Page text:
Lebanese rescue teams Monday recovered 10 bodies from the wreckage of an Ethiopian airliner that plunged into the Mediterranean Sea minutes after takeoff in heavy rains and storms from the Beirut International Airport earlier in the day.
“We have so far found 10 bodies at the crash site off the coast of Naameh, 7 miles (12 kilometers) south of the Beirut airport,” an unidentified defense ministry official told a local news agency. (RTTNews)
An Ethiopian Airlines flight 409 with 90 people on board crashed into the sea shortly after taking off from Beirut in bad weather early on Monday.
Ethiopian Airlines chief executive Ato Girma Wake said a team of eight people from Derbyshire-based crisis management company Blake Emergency Services, which specialises in airline incidents, was travelling to Beirut.
Local media quoted Lebanese army officials as saying that seven survivors had been rescued.
However, according to other reports, police officers said there had been two survivors. The conflicting reports of survivors were not confirmed by the UN or government officials.
Confirmation of the loss of the flight came from the operator in Addis Ababa.
“Ethiopian flight ET-409 scheduled to operate from Beirut to Addis Ababa on January 25 lost contact with the Lebanese air controllers shortly after takeoff. The flight departed at 02.35 Lebanese time from Beirut International Airport,” the airline said in a statement.
The aircraft carried 51 Lebanese nationals, 23 Ethiopians, as well as Iraqi, Syrian, British,and French nationals, the minister said. One of the passengers is believed to be the wife of the French ambassador in Beirut.
Lebanon’s President Michel Suleiman described the incident as “painful”. Suleiman put all medical and security forces on maximum alert.
Lebanese army patrol boats and helicopters were searching a small area off Na’ameh, 10 km (six miles) south of Beirut.
The military spokesman for U.N. peacekeepers in Lebanon, Colonel Diego Fulco, said two ships from its maritime task force were at the crash site and a third was on its way. Two U.N. helicopters were also at the scene, he said.
A Cypriot police helicopter and another from the British military stationed in Cyprus were also involved in the search.
According to one source, residents on the coast saw a “ball of fire” crashing off Na’ameh.
State-owned Ethiopian Airlines, which confirmed the crash, has positioned itself as a major player in international air traffic in Africa and has recently expanded its Asian network.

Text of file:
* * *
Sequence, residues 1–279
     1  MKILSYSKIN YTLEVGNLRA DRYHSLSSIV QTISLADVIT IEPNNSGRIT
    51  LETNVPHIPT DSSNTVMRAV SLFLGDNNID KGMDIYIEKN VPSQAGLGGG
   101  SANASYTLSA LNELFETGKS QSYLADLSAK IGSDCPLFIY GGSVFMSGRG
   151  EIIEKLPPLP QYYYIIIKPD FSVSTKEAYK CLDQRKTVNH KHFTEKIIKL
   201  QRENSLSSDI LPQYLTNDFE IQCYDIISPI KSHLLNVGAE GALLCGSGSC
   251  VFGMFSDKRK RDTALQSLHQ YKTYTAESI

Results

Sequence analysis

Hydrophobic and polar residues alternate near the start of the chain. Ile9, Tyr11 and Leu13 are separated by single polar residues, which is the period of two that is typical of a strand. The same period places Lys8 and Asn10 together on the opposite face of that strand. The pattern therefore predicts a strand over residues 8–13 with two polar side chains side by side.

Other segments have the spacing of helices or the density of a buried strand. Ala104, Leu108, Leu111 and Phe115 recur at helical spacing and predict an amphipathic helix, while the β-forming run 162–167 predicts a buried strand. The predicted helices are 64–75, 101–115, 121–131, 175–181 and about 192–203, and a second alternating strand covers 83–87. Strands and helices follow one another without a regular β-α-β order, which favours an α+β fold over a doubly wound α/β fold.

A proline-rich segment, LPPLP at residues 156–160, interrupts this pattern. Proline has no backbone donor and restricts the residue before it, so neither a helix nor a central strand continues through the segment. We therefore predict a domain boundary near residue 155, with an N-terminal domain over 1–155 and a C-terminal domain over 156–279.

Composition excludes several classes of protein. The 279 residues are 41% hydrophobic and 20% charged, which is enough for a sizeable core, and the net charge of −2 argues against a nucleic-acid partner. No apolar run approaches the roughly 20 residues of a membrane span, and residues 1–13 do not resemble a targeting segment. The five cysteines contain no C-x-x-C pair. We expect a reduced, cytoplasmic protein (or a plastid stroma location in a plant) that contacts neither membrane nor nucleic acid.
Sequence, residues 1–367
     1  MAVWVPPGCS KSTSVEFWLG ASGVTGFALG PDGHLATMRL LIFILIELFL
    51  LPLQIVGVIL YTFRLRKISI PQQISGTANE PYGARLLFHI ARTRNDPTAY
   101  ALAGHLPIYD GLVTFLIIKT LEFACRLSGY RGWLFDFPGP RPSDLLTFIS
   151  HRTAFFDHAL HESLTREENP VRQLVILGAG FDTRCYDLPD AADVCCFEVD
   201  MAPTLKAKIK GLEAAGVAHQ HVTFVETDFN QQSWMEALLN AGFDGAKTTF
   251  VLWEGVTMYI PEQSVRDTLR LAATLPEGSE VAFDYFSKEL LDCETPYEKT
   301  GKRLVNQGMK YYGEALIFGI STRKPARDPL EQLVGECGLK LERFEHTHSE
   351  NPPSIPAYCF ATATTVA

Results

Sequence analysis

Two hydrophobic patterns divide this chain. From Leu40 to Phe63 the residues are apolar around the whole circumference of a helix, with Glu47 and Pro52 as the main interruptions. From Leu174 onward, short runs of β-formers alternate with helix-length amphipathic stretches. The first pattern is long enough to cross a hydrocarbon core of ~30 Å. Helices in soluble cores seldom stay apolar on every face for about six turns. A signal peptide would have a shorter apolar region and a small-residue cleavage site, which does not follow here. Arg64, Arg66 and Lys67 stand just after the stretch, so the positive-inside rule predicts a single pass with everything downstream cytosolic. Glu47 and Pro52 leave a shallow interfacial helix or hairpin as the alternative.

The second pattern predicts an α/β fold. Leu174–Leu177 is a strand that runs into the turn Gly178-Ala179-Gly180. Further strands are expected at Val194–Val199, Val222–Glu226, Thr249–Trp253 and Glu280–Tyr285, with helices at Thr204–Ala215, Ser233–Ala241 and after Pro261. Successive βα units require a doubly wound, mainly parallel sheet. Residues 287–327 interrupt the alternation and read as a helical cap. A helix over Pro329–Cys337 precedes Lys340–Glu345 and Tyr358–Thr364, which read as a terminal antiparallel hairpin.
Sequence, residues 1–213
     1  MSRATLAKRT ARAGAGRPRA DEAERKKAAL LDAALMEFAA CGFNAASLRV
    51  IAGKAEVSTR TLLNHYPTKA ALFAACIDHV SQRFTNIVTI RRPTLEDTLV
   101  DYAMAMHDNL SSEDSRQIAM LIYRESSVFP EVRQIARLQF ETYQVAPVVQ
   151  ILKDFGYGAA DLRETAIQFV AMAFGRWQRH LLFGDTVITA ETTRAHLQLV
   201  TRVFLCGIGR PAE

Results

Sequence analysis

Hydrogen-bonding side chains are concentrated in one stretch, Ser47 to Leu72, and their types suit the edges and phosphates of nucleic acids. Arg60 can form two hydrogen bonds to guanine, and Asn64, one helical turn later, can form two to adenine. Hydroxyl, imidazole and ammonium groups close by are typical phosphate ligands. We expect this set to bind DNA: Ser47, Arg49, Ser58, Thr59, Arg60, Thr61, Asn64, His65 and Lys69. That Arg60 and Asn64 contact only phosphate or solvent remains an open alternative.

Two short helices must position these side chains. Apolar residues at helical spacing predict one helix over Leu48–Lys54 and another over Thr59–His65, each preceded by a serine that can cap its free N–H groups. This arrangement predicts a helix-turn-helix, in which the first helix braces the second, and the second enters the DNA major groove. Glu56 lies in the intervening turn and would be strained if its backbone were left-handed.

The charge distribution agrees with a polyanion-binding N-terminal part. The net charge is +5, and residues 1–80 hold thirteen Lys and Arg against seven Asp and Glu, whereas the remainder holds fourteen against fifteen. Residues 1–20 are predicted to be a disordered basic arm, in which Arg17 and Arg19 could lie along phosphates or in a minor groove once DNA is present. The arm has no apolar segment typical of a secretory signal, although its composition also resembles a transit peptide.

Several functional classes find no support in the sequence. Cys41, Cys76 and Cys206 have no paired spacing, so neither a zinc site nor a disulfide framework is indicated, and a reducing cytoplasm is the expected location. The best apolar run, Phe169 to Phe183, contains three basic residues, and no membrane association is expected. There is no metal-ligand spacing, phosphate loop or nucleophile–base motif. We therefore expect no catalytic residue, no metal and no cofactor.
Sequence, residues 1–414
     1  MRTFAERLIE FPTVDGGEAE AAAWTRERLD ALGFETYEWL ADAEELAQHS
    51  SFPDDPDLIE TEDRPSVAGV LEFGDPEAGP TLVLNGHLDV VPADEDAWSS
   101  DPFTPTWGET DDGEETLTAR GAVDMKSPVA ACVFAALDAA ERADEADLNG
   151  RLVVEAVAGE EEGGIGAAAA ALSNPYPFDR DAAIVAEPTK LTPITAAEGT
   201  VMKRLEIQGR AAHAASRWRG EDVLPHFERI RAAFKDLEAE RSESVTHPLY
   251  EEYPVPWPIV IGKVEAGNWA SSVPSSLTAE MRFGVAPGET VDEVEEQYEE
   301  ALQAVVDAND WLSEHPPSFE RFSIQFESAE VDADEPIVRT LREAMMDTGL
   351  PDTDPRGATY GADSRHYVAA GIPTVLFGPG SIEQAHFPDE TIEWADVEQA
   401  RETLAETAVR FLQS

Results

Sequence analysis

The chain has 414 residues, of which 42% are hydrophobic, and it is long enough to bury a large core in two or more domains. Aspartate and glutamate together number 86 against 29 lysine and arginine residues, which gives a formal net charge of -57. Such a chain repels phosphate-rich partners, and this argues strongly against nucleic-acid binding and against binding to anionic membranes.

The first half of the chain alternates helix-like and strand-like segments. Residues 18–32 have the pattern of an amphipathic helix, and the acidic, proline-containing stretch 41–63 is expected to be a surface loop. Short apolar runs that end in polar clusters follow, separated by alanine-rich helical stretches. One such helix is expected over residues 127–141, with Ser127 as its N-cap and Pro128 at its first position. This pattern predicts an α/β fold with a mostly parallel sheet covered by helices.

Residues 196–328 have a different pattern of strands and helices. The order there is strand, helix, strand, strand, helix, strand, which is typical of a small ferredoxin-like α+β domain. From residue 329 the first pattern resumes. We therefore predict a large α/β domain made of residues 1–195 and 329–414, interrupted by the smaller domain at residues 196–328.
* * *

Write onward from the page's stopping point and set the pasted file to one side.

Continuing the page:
It has regular flights to Lebanon, catering for business clients and the hundreds of Ethiopians who work there as domestic helpers. Lebanese aviation sources said some of the passengers had been en route to Angola.
Last Friday the airline announced an order for 10 of Boeing’s Next-Generation 737-800s for a total price of $767 million.
The last major incident involving Ethiopian Airlines was in November 1996 when 125 of the 175 passengers and crew died after a hijacked Boeing 767 crashed into the sea off the Comoros Islands.
One airport official said the plane was struck by lightning before it fell into the sea.
The Boeing aircraft disappeared off the radar screens shortly after takeoff, the state-run Lebanese National News Agency reported.
Witnesses in the area said they heard a loud noise and then saw a plane on fire plunging into the water.
Rescue teams were seen gathering near the area where the plane reportedly crashed.
“The weather is not helping us at all,” a member of the rescue team said. “But we hope to find some survivors.”
Aridi said the crash site had been identified at 3.5 km west of the coastal village of Na’ameh.
The Boeing 737-800, heading for Addis Ababa, disappeared off the radar some five minutes after taking off at 2:37 a.m. (0037 GMT) during a thunder storm and heavy rain. Lebanese President Michel Suleiman said he did not think the plane had been brought down deliberately.
“As of now, a sabotage act is unlikely. The investigation will uncover the cause,” Suleiman told a news conference.
Eighty-three passengers and seven crew were on the flight, Lebanese Transport Minister Ghazi al-Aridi told reporters at the airport where relatives of the passengers gathered to wait for news of survivors.
“(The crash) site has been identified three-and-a-half km (two miles) west of the (coastal) village of Na’ameh,” he said.
Fifty-four of those on board were Lebanese, 22 were Ethiopian, two were British and there were also Canadian, Russian, French, Iraqi and Syrian nationals.
Marla Pietton, wife of the French ambassador to Lebanon Denis Pietton, was on the plane, the French embassy said. The Lebanese government has declared a day of mourning.
The U.K. Foreign Office said one British national and one with dual nationality were on board Flight ET409.
No further details about the two people would be released until next of kin had been informed, it added.
A Foreign Office spokeswoman said: “Our thoughts are with the families of all those involved in this tragedy.”
At least 21 bodies have been recovered, and there has been no news of anyone surviving the crash.
An RAF helicopter, based in Cyprus, has joined the Lebanese authorities’ search-and-rescue operation.
(Source: Reuters, AP, IANS, BBC)